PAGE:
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Game 41 Afterwords: Five Goals Against the Islanders Is Still Not Enough

Teams lose games a lot. Teams are just about always going to lose games in which they lose a top-four defenseman early, give up 15 minutes of power play time, and don’t get a goal from either of their top scorers. Last year’s President’s Trophy winners lost 22 games. The Stars have lost nine at the halfway mark.

This game was all-too-familiar. The score (and pace) evoked memories of the 7-5 defeat in Nassau back in October 2014, but unlike that contest, this one saw Stars jump out to a 2-1 lead. It did not last long, and while you’d normally be thrilled with five goals on the second night of a back-to-back on the road, you would be less thrilled if you had watched this game.

Really, the first period could have ended in much, much worse than a 2-2 tie for Dallas. Sure, the second goal against was a bit of a tough one to take, but the Stars were playing with fire for a lot of that period. Even though the Islanders did eventually score three special-teams goals, the Stars had a chance to steal this game, and posts by the likes of Tyler Seguin were just about all that kept the Stars from doing so.

Jamie Benn made a great rush to open the game, and things really went downhill from there. I’m not sure if Benn is just overtrying a bit on the road lately, but it’s still really hard to get frustrated with him for taking some penalties when he’s been producing at such a remarkable clip. In a way, you almost want to turn your head toward his teammates to pick him up in moments like this, but the Stars haven’t exactly done so lately.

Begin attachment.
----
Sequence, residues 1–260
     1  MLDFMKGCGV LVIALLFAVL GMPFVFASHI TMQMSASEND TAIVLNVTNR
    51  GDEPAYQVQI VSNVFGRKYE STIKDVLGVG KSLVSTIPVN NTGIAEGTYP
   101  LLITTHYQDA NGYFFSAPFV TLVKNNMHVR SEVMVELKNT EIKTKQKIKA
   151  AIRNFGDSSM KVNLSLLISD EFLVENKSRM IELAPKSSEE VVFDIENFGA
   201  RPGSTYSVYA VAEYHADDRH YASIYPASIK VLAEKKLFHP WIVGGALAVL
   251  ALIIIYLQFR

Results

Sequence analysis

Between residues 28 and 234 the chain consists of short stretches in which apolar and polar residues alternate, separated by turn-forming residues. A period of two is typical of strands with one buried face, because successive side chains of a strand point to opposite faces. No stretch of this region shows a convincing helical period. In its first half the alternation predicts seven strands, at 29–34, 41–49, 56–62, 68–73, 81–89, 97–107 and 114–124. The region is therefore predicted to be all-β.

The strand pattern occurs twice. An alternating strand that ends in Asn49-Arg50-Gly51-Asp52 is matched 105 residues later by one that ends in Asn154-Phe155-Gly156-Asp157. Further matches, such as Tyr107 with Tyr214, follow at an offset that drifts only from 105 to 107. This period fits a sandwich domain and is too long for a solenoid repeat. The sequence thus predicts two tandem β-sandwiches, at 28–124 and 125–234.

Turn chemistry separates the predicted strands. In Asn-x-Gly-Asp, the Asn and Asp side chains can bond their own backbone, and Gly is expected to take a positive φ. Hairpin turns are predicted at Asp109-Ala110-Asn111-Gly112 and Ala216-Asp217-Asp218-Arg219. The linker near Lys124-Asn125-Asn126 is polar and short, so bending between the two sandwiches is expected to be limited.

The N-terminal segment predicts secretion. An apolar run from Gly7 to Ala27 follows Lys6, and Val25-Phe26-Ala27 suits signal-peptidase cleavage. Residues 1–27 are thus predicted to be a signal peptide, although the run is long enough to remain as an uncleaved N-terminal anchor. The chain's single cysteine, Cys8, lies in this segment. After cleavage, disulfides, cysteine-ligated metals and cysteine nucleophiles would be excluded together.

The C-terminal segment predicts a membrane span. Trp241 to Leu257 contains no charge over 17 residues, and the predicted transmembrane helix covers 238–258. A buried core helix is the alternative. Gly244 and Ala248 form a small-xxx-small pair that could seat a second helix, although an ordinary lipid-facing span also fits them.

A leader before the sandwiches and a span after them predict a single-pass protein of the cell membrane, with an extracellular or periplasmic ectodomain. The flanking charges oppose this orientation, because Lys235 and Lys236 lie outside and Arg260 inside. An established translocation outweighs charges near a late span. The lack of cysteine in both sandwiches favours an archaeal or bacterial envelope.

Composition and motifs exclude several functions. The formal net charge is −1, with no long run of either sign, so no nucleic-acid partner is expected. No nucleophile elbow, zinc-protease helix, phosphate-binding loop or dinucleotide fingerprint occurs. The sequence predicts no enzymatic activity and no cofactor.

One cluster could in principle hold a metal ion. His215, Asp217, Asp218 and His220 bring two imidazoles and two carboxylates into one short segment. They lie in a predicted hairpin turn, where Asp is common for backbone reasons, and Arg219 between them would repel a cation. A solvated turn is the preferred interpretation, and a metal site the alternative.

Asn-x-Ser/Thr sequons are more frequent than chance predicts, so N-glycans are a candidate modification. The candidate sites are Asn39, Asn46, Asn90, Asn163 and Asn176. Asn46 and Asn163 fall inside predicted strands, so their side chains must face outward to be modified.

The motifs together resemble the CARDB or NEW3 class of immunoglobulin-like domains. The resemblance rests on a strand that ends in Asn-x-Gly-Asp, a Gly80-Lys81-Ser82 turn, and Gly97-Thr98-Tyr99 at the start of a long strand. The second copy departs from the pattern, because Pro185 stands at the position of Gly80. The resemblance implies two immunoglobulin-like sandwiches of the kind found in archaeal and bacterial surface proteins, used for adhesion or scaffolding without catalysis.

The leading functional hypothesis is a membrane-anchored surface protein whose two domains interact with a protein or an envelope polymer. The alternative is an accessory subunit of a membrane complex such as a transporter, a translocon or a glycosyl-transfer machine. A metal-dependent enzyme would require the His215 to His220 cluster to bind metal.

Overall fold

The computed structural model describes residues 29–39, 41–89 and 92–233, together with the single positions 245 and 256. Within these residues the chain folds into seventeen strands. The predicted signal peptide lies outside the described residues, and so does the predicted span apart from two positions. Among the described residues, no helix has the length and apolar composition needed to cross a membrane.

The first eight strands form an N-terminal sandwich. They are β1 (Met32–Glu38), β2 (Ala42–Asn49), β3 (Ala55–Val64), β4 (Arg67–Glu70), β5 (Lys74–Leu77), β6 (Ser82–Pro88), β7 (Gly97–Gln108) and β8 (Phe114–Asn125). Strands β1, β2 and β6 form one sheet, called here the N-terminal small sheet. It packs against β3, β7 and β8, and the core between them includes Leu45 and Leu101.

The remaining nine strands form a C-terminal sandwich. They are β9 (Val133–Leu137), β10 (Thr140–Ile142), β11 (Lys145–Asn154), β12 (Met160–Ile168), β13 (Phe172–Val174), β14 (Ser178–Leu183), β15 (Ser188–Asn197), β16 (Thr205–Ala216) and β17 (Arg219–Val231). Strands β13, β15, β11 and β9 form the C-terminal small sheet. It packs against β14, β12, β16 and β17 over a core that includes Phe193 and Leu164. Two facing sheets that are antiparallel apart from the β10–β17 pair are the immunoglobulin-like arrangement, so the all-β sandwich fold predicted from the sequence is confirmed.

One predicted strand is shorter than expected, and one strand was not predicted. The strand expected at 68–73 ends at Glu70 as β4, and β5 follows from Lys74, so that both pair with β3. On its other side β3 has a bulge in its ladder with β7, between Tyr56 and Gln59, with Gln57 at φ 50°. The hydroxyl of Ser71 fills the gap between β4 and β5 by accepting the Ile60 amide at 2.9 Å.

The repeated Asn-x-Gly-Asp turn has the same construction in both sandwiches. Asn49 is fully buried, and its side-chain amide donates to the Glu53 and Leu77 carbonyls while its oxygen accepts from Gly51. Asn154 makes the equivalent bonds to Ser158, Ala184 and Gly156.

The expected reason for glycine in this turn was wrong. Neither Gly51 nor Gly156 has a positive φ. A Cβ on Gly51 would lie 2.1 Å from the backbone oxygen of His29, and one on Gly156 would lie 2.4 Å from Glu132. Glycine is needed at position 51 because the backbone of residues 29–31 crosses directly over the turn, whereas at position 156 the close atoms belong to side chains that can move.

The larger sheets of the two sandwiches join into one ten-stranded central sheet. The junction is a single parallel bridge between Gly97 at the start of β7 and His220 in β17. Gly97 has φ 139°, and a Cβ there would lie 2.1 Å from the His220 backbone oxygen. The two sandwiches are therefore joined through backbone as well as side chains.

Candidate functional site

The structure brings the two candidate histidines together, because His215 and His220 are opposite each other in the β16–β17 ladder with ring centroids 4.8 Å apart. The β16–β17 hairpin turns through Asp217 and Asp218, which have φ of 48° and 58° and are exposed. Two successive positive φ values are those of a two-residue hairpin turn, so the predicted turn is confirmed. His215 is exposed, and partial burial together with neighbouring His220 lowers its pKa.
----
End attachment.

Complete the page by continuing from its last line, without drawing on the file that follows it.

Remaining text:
The tally by Faksa/Fiddler was a simple goal, but good for Faksa to rebound like that after a tough contest last night. The young Czech seemed to take matters into his own hands a few times tonight, which is probably what you should do on that forward line. Good for him and Fiddler to combine like that.

The penalty calamity that ensued after Stars’ power play again failed to get things going, was just yeesh, yeesh, yeesh. High-sticking calls are nice and easy for referees to make, but this game could have seen twice the penalties it did. More on that in a moment.

On that first goal by the Islanders’ power play, Kari lost his edge or something on Lee’s initial move. Razor mentioned on the broadcast that it looked like Kari “bit hard,” and perhaps that’s true. Even if it was just a slip of the skate, Lee walked in and put it far side without any real opposition. At that point, anyone who was worried that they weren’t going to get their money’s worth at Barclay’s center surely took a sigh of relief. With offenses like this, spectators would assuredly witness at least six or seven of the nine or ten goals sure to be scored.

But then the road PK stepped up, led by Radek Faksa, who took the puck down the ice as the lone forward during the kill. Johnny Oduya also had a critical block right before the Stars started getting people back, and that led to a couple of rushes each direction. That plays into the Stars’ game, and Goligoski’s shot was right there for Sharp to tip, and he didn’t miss. Sharp will hardly ever miss those. It was a bit of a broken play that found the puck heading to Goligoski in the first place, but the Stars were not going to turn any breaks down after taking eight minutes of penalties in the first 13 minutes of the game. Remember when that seemed like a lot?